When I ask Greene how he squares his drive to create a unique-sounding, consciously lo-fi work, with his professed desire to also create a radio-friendly album, he chuckles, and says, “I can't! I guess that's the weirdness of me. Certainly I want to have successful records — who doesn't — but I'm not willing to make anything other than what I want to make it sound like. If this is not considered commercially viable, so be it. But if there's a song on this record that for whatever reason ends up catching the public's attention, I'm totally for it.”

And most likely it will be one of the catchy tunes Greene recorded with Jackshit at Sonora Recorders in L.A., the week after the Mission Bells sessions — the infectious rockin' soul tune “Like a Ball and Chain,” the ethereal album opener, “Shaken,” or the accordion-driven “Love Gone Bad.” “That's a great studio,” Fritz comments, “with a really nice-sounding board [an API], a great-sounding live room, some really good mics. I fell in love with one of their RCA 77 ribbon mics. And obviously those [Jackshit] guys can really play; they have great chemistry.”

Once the tracking sessions were completed, the action shifted to the road, with Greene and Berlin fitting in sessions in between shows on the fall 2007 Phil Lesh tour. “The way the Phil tour works,” Berlin explains, “is he goes to a place and stays four or five days, so I was able, between my schedule and his schedule, to be in those places when Jackie was there. So, for instance, he goes to Chicago for five days and Oz and I show up and we record for four of those five days at CRC [Chicago Recording Company]. The tour goes to New York, and I show up for five or six days. Jackie worked at Brooklyn Recording there. We even did a Phil bass overdub for a song backstage at one of their shows on a [Digidesign] Mbox right before they went onstage in New York. Somehow or another, with this insane workload we were able to put the record together in bits and pieces all over the country.” Additionally, Val McCallum continued recording various guitar parts in L.A. and sending those along to be added to the stew. Then Fritz would compile it all on a master hard drive.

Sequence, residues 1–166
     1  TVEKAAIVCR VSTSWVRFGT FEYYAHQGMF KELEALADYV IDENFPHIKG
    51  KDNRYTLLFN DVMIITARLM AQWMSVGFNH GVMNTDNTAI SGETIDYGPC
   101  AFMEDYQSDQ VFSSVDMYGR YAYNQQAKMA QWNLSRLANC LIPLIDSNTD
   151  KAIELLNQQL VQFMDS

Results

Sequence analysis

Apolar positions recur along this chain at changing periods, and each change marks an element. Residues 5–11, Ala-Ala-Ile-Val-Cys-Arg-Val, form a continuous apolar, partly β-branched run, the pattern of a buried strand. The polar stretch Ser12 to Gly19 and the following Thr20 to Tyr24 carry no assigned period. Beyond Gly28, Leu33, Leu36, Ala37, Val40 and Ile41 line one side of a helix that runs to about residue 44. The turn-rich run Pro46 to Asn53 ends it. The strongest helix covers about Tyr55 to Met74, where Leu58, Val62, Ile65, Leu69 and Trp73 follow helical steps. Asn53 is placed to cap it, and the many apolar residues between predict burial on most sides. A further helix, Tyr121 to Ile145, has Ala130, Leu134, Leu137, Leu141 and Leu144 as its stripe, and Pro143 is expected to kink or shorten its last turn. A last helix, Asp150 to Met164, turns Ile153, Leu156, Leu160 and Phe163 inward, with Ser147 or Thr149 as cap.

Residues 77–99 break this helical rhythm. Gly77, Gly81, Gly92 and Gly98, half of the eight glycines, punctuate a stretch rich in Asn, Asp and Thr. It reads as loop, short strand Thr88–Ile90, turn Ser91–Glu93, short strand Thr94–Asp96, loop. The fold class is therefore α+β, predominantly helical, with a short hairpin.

“It was like being in touring mode while recording,” Greene comments, “so when I listen to it there's a certain sense of restlessness, like you're not at home.”

Because of budget limitations, Berlin asked “four of my favorite engineers to do a couple of tracks each for the pittance we had. Much to my delight, they all agreed.” And so Michael Brauer mixed four tunes at Quad in New York City, Tchad Blake did four at his base in Bath, UK, Mike Fraser handled three songs at The Warehouse in Vancouver and Ross Hogarth one track at Boogie Motel in L.A. With Greene and Berlin on separate tours by this time, they had to keep track of the mixes long distance (in Brauer's case they were able to hear some of his mixes in real time through a piece of broadcast software called Nicecast), conferring over the phone or Internet.

But in the end it all came together and Greene says he is thrilled with the final album, which is filled with a typically eclectic mix of Americana styles, plenty of insightful lyrics about the human condition and relationships, and enough strong hooks to make radio programmers happy. Could Giving Up the Ghost be Greene's long-predicted breakthrough? Don't bet against it. But either way, Greene has definitely arrived.

PLAY: Must Play
Like a Ball and Chain

PLAY: Must Play
Prayer for a Spanish Harlem